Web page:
Fourth Test Match

West Indies v England

At Georgetown, British Guiana, March 9, 10, 11, 12, 14, 15. Drawn. England made certain of not losing the rubber, but the match was a big disappointment, slow play being the feature throughout. Also the pitch became completely lifeless as the game progressed. Cowdrey took over the England captaincy from May and Subba Row came into the side. West Indies were without Ramadhin because of shoulder trouble and Lance Gibbs, who should have replaced him, damaged his spinning-finger in the previous match, so Scarlett, originally omitted, retained his place. Walcott emerged from Test retirement, replacing Nurse, Worrell, fit again, took over from Solomon and Singh came in for Ramadhin.

Rain delayed the start by an hour and a quarter and England, who again won the toss, began batting fifteen minutes before lunch. Cowdrey and Pullar gave them another useful start with a stand of 73 and at the close of the first day England, 152 for two and Cowdrey still there, were fairly well placed. Next day they batted badly against Hall and were all out for the addition of 143. Cowdrey did not add to his overnight 65 and of the others only Dexter and Allen, who made his first Test fifty, showed reasonable form. At one point six wickets were down for 175, but the last four added 120. Hall's speed, strength and stamina earned his six for 90. Barrington, struck on the arm by Hall on the first day, retired after twenty minutes, but returned at the fall of the seventh wicket.

West Indies did not lose a wicket in the last fifty minutes, but so slow were Hunte and McMorris on the third morning that only 31 came in ninety minutes. McMorris soon followed Hunte, but Kanhai and Sobers continued the strange tactics at a time when West Indies should have been looking for runs to give them time to win the match. The third day's play produced only 107 runs in four hours eighteen minutes, rain causing forty-two minutes to be lost. Certainly England bowled and fielded defensively, but no effort was made to break the stranglehold.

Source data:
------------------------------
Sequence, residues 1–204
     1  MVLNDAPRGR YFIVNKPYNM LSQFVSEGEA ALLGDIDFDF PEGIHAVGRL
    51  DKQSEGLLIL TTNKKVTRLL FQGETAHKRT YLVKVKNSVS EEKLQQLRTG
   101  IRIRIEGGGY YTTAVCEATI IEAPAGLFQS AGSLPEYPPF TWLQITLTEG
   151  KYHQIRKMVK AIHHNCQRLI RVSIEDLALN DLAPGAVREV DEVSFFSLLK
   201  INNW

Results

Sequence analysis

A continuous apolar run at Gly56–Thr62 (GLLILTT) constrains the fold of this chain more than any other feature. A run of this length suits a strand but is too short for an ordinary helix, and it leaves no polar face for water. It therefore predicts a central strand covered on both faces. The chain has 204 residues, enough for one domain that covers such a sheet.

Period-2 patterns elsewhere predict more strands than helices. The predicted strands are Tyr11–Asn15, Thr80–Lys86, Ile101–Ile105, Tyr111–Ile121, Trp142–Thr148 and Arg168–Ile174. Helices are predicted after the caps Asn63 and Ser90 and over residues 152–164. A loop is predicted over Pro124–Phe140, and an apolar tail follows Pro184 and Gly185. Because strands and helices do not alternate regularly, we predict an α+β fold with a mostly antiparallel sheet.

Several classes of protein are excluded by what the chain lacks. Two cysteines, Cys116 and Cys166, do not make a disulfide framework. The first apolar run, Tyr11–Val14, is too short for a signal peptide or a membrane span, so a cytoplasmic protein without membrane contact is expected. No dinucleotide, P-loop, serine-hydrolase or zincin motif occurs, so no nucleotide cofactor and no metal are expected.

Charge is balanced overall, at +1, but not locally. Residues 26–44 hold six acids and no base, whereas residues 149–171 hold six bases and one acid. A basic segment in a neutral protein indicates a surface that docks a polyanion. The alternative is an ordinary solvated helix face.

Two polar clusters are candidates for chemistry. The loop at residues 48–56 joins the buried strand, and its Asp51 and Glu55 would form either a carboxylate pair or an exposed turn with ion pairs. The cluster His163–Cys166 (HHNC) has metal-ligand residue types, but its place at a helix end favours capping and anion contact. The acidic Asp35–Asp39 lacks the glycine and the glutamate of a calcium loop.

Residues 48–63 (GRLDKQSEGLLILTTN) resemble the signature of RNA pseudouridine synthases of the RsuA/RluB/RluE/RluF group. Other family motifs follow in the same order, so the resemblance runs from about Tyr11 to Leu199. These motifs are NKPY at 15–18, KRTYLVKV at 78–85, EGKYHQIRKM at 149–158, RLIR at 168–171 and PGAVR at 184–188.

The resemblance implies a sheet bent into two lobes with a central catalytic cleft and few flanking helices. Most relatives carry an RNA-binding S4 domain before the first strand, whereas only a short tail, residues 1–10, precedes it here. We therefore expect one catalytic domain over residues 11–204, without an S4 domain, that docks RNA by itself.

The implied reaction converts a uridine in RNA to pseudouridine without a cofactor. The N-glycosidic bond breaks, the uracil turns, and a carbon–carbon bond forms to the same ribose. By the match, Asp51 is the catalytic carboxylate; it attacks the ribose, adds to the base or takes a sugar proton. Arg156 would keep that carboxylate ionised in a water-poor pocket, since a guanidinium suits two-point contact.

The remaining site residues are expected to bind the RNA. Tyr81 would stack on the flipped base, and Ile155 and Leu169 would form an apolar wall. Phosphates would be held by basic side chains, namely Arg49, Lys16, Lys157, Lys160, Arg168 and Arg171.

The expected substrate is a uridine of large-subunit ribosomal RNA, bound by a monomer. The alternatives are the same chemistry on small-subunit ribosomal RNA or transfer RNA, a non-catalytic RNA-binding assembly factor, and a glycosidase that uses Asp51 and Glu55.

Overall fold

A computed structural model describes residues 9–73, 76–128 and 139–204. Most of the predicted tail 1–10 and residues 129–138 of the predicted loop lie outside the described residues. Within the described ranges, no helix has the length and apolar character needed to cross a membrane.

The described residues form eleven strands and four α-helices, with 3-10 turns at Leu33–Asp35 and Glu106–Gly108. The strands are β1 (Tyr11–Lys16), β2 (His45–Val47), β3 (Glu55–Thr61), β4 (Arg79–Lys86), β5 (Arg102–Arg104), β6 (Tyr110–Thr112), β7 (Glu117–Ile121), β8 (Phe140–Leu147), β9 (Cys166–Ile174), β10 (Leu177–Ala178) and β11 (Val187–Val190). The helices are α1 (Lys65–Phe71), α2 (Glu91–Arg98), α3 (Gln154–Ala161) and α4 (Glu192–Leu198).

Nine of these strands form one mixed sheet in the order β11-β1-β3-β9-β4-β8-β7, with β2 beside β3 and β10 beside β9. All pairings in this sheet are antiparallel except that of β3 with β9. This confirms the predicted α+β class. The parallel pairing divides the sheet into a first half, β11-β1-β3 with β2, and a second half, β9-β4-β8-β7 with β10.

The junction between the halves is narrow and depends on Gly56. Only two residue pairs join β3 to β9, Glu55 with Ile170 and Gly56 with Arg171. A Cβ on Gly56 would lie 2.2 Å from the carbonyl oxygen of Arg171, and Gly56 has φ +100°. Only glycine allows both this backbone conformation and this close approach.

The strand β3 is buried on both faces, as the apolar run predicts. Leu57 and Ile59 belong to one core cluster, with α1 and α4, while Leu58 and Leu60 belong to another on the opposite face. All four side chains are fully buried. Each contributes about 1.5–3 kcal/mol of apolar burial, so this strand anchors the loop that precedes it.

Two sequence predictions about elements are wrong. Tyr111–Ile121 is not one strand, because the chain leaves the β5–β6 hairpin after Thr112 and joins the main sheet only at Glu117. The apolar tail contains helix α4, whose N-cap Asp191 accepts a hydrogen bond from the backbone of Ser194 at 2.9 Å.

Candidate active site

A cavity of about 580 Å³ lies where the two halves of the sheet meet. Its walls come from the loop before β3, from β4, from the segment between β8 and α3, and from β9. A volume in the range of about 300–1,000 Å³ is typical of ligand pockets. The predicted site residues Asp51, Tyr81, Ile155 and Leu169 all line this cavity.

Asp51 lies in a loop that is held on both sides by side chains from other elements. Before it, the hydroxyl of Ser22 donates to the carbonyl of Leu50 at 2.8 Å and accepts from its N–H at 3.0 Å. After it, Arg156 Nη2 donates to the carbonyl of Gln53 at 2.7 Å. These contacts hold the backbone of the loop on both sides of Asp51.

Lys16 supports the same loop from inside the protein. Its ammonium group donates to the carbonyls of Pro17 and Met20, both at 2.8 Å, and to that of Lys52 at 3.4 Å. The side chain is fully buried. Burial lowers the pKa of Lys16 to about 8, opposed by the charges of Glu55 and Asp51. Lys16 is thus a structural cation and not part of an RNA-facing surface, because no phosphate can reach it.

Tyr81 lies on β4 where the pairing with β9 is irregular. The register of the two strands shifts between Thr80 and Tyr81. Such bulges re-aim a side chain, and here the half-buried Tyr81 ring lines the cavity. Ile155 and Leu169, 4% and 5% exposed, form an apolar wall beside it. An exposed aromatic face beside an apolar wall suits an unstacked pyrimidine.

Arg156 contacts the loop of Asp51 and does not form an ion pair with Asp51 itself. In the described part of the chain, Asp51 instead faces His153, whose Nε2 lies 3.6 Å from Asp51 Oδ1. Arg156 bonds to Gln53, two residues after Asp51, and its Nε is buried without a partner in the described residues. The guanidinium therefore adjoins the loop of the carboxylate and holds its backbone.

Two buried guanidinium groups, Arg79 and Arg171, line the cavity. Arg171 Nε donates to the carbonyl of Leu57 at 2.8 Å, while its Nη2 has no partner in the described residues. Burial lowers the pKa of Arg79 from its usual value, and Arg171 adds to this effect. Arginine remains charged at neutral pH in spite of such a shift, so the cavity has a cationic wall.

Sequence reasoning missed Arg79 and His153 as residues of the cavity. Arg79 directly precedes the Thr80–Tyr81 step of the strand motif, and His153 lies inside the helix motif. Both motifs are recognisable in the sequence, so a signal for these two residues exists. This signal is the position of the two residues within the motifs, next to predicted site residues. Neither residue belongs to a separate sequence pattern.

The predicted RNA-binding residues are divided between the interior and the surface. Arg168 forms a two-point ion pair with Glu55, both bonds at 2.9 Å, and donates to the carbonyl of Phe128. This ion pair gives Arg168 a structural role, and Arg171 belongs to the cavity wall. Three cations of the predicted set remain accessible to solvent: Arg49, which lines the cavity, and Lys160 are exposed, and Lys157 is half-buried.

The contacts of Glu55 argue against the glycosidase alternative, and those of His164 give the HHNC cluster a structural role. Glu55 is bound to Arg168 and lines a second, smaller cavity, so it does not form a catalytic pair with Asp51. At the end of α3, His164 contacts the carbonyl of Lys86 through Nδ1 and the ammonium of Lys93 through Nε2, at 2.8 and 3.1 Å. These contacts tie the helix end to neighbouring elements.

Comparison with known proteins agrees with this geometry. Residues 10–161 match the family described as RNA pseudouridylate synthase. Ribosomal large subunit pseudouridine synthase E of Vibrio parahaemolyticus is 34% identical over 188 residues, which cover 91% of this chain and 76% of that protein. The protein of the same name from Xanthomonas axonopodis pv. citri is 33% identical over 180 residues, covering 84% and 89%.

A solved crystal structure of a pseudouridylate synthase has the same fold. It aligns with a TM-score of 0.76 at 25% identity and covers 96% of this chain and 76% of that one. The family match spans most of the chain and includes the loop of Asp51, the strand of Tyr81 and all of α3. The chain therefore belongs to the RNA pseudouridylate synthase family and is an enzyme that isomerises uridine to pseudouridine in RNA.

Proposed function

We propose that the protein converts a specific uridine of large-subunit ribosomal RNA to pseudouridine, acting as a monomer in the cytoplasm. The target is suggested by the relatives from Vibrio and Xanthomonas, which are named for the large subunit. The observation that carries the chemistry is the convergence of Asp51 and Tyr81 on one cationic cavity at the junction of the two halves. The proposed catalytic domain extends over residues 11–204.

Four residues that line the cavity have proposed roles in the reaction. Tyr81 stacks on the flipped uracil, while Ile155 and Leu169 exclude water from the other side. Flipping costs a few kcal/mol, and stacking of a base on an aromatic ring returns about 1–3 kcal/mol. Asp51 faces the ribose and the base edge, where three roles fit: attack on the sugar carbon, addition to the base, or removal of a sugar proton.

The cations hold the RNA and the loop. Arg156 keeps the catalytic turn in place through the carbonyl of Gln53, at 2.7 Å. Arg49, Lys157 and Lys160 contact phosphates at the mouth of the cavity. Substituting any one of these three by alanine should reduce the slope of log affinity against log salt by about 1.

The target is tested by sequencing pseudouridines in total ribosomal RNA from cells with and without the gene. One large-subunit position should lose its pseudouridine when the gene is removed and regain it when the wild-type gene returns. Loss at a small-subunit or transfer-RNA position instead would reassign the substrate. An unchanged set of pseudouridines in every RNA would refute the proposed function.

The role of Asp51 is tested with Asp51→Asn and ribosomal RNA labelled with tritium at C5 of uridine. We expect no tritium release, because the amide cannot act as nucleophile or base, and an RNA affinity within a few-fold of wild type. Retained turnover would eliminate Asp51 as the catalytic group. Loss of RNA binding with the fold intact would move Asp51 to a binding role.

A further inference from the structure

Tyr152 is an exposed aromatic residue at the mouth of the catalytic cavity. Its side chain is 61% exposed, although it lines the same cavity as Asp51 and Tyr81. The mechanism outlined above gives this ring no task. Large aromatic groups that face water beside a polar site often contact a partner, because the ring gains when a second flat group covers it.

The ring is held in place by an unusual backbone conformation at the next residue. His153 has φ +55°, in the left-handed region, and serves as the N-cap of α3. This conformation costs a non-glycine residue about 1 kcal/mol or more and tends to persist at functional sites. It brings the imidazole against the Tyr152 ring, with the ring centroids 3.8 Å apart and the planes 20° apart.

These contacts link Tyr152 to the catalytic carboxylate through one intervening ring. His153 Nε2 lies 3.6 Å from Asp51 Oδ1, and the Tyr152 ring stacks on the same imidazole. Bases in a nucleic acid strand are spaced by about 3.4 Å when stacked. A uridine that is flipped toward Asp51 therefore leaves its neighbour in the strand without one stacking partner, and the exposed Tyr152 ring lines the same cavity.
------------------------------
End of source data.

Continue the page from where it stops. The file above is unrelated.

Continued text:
All told, the third-wicket pair added 115 in three hours forty-three minutes. Sobers maintained his big scoring form and at the close of the fourth day was 142 not out in a total of 332 for four. Next morning, Allen dismissed Worrell and Sobers in the first fifteen minutes, ending a partnership between them of 121. Worrell's share was only 38. Sobers batted seven hours, hitting one 6 and eighteen 4's. Alexander and Scarlett improved the scoring rate slightly, but when Alexander declared 107 ahead only eight hours remained and West Indies changes of winning on such an easy pitch were remote. To add to their troubles, Watson tore some ligaments in his right ankle and could not bowl.

On the England side, Subba Row chipped a knuckle bone in the first innings and batted with strapping on his hand. At the end of the fifth day England were 110 for two and on the last day they did not lose another wicket until half an hour before tea, Dexter and Subba Row sharing a stand of 148. Dexter, again in splendid form, hit his second century of the series and Subba Row obtained his first Test hundred. With a draw certain, some of the later batsmen became careless, but even so only 26 wickets fell in the match for 1,031 runs and the average scoring rate was less than 37 runs an hour. After the game Statham flew home because his son was seriously ill.

© John Wisden & Co